Matching Items (4)

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The Initial Feasibility of a Small Hydroponic Farm Startup in Austin, Texas

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This thesis will examine market research relating to consumer food trends and the business environment of Austin, Texas in order to evaluate the initial feasibility of establishing a small hydroponic

This thesis will examine market research relating to consumer food trends and the business environment of Austin, Texas in order to evaluate the initial feasibility of establishing a small hydroponic produce farm. A main concern of this report is to provide a general overview of hydroponics and its potential advantages over traditional farming methods as a technique for producing food products for consumers in a local setting. To explore the potential of establishing such a venture, this report will also include a partial business plan focusing on the marketing strategy of initiating a hydroponic produce farm in Austin.

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Date Created
  • 2015-05

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Reenvisioning Victory Gardens for Food Deserts

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Abstract
Local organic gardening once experienced great popularity with Americans. At one time promoted and prominent, local gardens became obscure, old-fashioned, and outmoded. However, in the last few decades, for

Abstract
Local organic gardening once experienced great popularity with Americans. At one time promoted and prominent, local gardens became obscure, old-fashioned, and outmoded. However, in the last few decades, for various reasons, local organic gardening has made some progress. This study seeks to assist high-density, low-income, inner-city Americans, who often do not have have easy or affordable access to fresh whole food by creating sustainable, resilient, local, urban gardens. However, this effort does not attempt to address the needs of entire populations of census tracts, rather one suburban home, one small apartment complex, or one small community garden. O​ ne solution to the problems associated with food insecurity is to put the creativity and responsibility into the hands of those who need the food, allow them to work within a self-sustaining garden, and decide what to do with any excess food. W​ ith the help of Greg Peterson, Phoenix’s own urban farmer, this project set out to create a system using Phoenix’s limited amount of rainfall to create a aquaponic gardening system which will be used in micro-communities such as multi-family complexes, middle schools, or high schools, in order to help grow food for these communities and alleviate some of the difficulties of finding fresh food in the desert.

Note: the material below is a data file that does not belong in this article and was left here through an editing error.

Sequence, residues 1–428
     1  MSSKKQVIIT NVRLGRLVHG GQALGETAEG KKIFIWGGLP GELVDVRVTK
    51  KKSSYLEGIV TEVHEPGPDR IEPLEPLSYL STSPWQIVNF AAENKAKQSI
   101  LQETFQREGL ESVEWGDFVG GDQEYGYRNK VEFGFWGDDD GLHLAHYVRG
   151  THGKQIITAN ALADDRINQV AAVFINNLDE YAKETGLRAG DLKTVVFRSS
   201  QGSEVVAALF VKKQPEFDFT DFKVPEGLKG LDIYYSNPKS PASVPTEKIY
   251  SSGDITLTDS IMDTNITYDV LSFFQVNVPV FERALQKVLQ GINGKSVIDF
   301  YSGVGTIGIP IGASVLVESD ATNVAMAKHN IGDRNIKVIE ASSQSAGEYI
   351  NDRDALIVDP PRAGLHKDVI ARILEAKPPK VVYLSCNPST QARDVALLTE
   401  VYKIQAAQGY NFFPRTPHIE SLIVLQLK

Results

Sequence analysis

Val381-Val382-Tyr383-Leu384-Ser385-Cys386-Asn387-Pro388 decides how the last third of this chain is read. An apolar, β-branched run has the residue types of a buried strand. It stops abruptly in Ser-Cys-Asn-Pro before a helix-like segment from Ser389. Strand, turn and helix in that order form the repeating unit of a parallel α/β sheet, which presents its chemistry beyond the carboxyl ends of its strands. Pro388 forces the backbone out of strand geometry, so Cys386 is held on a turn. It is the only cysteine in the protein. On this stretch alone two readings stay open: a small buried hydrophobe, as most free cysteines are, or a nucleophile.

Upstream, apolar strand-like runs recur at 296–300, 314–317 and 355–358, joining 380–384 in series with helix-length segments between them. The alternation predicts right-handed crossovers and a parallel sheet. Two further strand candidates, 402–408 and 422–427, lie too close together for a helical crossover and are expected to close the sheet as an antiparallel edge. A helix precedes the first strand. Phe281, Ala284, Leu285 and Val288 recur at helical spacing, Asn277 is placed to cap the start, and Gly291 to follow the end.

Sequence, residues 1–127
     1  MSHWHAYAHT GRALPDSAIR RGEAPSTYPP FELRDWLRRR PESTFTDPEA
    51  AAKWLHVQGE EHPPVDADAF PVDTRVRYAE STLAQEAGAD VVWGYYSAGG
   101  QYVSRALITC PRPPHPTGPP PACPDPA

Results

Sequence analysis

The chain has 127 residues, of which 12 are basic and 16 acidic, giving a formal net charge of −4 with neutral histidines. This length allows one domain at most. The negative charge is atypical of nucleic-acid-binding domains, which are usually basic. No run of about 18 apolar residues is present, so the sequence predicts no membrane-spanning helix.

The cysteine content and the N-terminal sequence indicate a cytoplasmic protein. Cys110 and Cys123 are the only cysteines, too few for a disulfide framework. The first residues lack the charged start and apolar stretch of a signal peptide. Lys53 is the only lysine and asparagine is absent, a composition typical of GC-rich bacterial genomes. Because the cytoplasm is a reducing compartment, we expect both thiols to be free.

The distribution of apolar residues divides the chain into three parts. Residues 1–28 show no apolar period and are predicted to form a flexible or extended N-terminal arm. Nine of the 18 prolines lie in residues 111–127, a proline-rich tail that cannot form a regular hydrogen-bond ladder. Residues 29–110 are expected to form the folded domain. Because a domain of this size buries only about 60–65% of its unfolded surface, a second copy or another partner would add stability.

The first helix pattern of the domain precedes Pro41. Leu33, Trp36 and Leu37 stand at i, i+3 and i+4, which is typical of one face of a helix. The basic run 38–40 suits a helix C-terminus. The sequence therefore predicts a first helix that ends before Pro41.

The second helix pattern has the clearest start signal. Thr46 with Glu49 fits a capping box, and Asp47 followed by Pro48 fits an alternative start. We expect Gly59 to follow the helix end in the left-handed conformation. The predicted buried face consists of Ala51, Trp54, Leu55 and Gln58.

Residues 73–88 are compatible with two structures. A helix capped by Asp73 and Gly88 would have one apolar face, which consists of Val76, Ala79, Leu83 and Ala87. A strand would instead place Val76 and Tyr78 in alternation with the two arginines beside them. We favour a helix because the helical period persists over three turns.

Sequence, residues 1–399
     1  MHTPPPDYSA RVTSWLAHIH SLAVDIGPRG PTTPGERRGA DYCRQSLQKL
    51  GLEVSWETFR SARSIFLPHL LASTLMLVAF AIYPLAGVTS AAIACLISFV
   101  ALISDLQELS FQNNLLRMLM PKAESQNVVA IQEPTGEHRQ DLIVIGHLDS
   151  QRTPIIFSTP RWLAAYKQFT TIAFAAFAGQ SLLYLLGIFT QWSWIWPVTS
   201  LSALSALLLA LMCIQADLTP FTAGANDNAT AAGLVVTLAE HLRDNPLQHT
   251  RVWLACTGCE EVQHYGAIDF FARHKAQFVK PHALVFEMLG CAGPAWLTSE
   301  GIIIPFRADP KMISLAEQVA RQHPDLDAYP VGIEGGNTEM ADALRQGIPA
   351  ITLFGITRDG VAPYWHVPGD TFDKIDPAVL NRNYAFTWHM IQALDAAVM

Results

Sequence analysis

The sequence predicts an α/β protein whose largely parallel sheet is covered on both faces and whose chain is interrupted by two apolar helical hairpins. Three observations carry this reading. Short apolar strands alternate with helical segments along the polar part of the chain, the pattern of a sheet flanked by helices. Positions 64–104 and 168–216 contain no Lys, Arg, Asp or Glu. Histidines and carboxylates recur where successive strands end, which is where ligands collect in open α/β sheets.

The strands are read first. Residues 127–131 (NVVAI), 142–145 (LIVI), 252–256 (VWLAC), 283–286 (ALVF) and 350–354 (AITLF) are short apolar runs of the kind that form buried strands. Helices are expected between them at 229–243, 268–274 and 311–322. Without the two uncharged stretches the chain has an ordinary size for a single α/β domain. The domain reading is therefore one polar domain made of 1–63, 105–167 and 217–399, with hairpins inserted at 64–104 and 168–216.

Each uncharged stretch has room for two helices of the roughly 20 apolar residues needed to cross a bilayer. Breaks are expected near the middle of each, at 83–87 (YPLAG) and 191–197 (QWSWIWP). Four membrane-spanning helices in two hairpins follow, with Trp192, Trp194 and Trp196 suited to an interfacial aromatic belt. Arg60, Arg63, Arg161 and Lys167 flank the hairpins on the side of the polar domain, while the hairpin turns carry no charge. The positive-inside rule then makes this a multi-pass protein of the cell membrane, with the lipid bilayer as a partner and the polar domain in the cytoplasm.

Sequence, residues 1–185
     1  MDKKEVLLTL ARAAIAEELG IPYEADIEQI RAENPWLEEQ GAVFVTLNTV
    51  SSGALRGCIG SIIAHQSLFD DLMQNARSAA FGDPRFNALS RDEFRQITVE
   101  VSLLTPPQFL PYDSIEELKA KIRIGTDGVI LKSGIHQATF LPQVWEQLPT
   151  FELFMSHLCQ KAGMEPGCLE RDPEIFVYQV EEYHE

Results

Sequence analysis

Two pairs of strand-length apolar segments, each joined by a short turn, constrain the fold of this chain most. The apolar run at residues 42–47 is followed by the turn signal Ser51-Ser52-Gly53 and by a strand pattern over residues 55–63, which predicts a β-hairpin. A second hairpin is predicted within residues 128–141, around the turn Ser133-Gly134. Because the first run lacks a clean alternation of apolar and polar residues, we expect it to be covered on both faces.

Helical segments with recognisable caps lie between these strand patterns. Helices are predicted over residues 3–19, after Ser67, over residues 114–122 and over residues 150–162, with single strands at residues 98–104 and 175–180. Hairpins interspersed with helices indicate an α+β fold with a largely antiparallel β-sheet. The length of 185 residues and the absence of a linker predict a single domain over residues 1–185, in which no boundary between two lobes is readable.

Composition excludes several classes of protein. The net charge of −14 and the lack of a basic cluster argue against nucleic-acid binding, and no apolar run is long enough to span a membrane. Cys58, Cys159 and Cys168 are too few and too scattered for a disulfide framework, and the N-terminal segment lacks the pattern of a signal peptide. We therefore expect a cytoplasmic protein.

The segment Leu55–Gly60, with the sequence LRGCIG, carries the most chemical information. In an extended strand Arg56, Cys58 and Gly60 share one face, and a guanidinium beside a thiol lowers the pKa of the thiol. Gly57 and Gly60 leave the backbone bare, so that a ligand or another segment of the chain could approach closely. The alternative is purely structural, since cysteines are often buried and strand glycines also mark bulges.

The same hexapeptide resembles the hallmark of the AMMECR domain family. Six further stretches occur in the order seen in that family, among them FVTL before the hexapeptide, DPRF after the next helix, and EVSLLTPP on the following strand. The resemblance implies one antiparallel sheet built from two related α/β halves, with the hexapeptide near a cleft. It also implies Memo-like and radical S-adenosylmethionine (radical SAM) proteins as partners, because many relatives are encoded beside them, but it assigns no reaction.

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Date Created
  • 2018-05

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Analysis of Nitrogen Uptake in a Duckponics System

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Duckponics is an unconventional form of aquaponics that has recently been implemented by a small community in Washington State as an experiment in sustainable methods of food production. The community

Duckponics is an unconventional form of aquaponics that has recently been implemented by a small community in Washington State as an experiment in sustainable methods of food production. The community created the Duckponics system to test the possibility of using the waste of ducks present on the farm to fertilize crop plants. This research paper examines aspects of the nitrogen cycle within this system to determine the efficacy of nitrogen removal by plants and microbes. More specifically, the research examines (1) the microbial activity occurring in selected beds of the system, (2) the ability of hydroponic grow beds to retain inorganic nitrogen, and (3) how periodic flushing of the system affects nitrogen retention. Water data was collected in all system tanks using aquarium test strips, but water samples were collected for flow injection analysis in (1) one of the grow beds, (2) the duck pond, and (3) a control bed with no plants but filled with gravel and inoculated with the same bacteria from the grow bed. Samples were then analyzed for ammonia (NH4+-N) and combined nitrite and nitrate (NOx-N) concentrations. The results show that the treatment type (control, duck pond, or grow bed) was a significant (p<0.05) predictor of NH4+-N, NOx-N, and total inorganic nitrogen (TIN) in the porewater of the treatment beds. The grow bed was found to have 100% removal of TIN, whereas the control had 0% TIN removal (195% increase). Timing of the sample in relation to the flushing events was a moderately significant predictor of TIN, NH4+-N and NOx-N in the duck pond (p = 0.07 for TIN, p = 0.12 for NH4+-N, p = 0.11 for NOx-N), with an overall decrease in TIN after flood pulses. NH4+-N concentrations at the inlet and outlet were found to be significantly different in the grow bed (p=0.037), but not the control, and moderately significantly different (p<0.15) for NOx-N and TIN in the grow bed (p=0.072 for NOx-N, p=0.075 for TIN), but significant for the control (p=0.043). These findings show evidence of nitrification in the grow bed and control, plant presence significantly contributing to nitrogen removal in the grow bed, and some hydrologic flushing of NOx-N out of the duck pond during pump cycles.

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Date Created
  • 2016-05